Fire up the DeLorean: A trip through The Siskiyou’s past – Week 2

“Living North of The Boarder” by Rolando Flores (The Siskiyou, November 24, 1992)

“Americans have the right to be racists against us, this is their country,” said Maria Gonzalez from Guadalajara, Mexico, in a conversation with her seven-year-old daughter while she complained about how she was treated by some Americans.

Out of ignorance, maybe out of fear or maybe out of their cultural simplicity, migrants who come every year to this valley to work in the orchards have learned to accept and be quiet.

They come from all over Latin America and they are the only workers who fill the two-room shotgun-style houses at the Suncrest Orchard in Talent, and the one-room, 12-by-16 foot cabins at the Medford Pear Orchard, both owned by Naumes Inc.

All the workers have either a green card or a working permit. They pay a small amount a day for rent for their cabins. Some workers call them “heaven.”

At the Suncrest Orchard 14 cabins house from two to four people per unit. Their cabins are furnished with bunk beds with no sheets or blankets, a refrigerator, and a two-burner hot plate. The bathroom is outside with showers that they all share.

The showers work most of the time but when they don’t all the workers go to town to clean themselves. The day the visit to the camp took place the showers happened to be broken, and workers were unable to attend their weekly English class because they had gone to town.

Housing is the worst problem migrant workers face in Oregon. When the non-profit Community and Shelter Assistance Corp., based in Newberg, conducted a farm-worker housing survey last year, it discovered that only one-third of the 3,000 units available for workers in Oregon met all state standards.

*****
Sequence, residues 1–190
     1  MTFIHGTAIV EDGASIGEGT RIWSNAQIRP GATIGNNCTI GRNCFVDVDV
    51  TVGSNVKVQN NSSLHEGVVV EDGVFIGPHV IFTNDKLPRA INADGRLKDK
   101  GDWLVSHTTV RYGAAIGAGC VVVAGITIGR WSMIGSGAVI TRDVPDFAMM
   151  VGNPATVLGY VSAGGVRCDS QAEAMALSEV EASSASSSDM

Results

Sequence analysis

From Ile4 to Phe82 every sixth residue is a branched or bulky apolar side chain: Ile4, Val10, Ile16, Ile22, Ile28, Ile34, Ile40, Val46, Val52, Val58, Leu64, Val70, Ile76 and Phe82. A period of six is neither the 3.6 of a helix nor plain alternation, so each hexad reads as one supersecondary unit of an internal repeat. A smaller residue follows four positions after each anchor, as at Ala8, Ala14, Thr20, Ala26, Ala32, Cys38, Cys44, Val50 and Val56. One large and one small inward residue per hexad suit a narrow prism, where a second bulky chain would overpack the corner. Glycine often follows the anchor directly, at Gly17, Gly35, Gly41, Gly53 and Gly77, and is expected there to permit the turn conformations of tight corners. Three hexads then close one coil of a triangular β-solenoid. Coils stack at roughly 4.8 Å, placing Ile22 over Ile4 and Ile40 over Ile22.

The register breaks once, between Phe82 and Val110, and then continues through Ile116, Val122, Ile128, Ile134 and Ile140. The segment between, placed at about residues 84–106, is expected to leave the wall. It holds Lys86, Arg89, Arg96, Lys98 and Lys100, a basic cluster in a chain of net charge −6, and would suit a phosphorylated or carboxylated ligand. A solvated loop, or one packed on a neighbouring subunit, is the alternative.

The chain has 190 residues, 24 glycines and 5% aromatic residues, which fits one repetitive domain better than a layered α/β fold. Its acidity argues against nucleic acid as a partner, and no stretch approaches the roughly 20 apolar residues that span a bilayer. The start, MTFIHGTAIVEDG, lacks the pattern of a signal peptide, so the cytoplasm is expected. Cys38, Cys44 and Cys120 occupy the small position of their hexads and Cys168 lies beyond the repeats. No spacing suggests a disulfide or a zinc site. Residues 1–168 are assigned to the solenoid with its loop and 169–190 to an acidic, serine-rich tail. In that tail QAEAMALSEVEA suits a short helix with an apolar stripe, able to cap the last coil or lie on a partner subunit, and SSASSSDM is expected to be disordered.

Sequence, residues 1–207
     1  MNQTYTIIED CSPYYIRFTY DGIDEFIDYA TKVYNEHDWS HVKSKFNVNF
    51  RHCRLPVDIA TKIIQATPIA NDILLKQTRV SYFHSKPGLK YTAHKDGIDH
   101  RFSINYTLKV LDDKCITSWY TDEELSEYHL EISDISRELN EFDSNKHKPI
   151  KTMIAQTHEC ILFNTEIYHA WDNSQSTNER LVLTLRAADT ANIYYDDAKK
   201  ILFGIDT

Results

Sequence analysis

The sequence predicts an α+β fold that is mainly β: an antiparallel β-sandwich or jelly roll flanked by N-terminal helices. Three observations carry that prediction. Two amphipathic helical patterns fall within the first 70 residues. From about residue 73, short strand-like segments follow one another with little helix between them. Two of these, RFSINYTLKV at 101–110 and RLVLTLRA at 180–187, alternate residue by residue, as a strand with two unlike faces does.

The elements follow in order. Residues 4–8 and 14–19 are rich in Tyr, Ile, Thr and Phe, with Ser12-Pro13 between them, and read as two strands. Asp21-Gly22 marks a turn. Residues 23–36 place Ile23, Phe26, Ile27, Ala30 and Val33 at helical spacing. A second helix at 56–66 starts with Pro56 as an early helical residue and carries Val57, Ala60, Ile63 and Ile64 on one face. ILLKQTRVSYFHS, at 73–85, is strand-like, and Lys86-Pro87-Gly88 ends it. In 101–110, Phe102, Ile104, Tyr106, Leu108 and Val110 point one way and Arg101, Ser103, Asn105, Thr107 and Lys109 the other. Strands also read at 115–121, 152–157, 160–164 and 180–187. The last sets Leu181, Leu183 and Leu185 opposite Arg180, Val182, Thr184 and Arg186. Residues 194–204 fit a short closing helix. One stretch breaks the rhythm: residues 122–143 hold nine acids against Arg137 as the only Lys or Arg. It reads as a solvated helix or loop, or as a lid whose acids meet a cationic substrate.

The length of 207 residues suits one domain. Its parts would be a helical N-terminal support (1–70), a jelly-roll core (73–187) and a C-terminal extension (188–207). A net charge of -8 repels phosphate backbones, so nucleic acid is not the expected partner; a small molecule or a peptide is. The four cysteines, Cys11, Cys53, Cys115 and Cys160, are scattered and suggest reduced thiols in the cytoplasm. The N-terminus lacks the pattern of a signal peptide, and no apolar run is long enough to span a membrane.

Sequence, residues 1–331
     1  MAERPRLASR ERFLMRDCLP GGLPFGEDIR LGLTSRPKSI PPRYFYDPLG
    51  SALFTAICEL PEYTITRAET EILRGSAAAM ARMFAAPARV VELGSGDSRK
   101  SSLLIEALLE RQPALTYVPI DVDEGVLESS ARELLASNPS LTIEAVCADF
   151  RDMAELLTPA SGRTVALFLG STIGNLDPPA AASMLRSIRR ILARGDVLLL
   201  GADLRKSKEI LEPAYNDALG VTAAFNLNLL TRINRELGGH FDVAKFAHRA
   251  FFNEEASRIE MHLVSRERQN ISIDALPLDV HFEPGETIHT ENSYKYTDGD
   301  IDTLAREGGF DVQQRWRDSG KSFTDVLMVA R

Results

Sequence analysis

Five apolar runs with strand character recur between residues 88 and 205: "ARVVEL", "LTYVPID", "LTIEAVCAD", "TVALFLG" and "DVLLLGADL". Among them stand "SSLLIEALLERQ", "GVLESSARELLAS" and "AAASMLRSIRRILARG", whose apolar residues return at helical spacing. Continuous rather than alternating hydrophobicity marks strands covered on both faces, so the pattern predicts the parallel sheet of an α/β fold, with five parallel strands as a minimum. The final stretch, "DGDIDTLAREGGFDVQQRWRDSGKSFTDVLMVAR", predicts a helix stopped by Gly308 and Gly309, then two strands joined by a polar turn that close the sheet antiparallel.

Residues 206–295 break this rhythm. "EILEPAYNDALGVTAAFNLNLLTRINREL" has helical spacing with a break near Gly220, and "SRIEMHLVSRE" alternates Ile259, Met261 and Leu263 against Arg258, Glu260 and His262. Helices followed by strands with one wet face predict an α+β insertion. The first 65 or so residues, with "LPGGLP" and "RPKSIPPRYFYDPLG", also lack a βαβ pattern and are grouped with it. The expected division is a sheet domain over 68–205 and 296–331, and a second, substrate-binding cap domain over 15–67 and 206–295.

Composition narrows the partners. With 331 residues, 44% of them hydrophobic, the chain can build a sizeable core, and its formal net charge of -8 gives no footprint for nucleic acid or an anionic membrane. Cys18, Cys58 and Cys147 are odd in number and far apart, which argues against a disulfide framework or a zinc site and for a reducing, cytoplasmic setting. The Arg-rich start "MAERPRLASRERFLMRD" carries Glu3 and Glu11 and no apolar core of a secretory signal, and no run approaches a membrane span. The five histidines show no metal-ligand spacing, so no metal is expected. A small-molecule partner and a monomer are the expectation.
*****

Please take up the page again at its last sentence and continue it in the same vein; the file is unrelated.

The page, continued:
In 1991, the Bureau of Labor and Industries collected $370,000 in unpaid wages for migrant workers in Oregon, seven times as much as in 1988.

In a previous interview with the Portland Oregonian, Labor Commissioner Mary Wendy Roberts agreed that wage collections are not as high as they could be, but said they are more than what the workers would have received if they hadn’t complained to the bureau.

But migrant workers do not complain, they feel fortunate with their small fortune – a roof, a job, and sometimes a car. They are afraid they may lose the little they have and also they do not want anyone to feel sorry for them, for they have chosen this type of life.

“They work hard, they study hard, and they play hard,” said Julie Venable, an English instructor from the Ashland Adult Learning Center, who has been teaching English to migrant workers for many years.

“If you can teach them to carry on a conversation and how to socialize they won’t be afraid anymore to learn,” said Venable, that way “they learn to think, they learn the basics, and they can work up and improve and integrate into the community.”

Esther Rodriguez from Mexico said “working eight hours in this weather is very hard, that’s why we study English, it will help us to get a better job.”

For thousands of agricultural workers in Oregon, the Immigration Reform and Control Act of 1986 was bittersweet. The law meant they could live here legally but without their families. Although some family members were eligible for permanent residency cards from the immigration service, those relatives who have never worked in the United States were denied permission to live here.

Helmer Noe Guzman from Guatemala said “I came here escaping from the Guerilla …, one time they even put a rifle against my forehead.” Guzman sends money regularly to his wife and three children who are still in Guatemala. “I would like to bring them here, this is okay, they treat us well here …, it is okay here,” Guzman said.

When asked how they are treated, adults have only words of gratitude, while children speak openly about how they see people “looking down” at them at the stores, at school or even on the street. “I have many friends but none of them Americans,” said a 10th-grader, “but that’s because I don’t speak English very well,” she explained.

“On the whole, the community is very open-minded,” said Venable, “there has been a lot of racism in the valley before, racism is a fear of something different but things are changing, the attitude is changing.”

At the Medford Pear Orchard a shower and a kitchen in each cabins are proof that things are changing, slowly maybe or maybe too slowly, but hopefully changing.”

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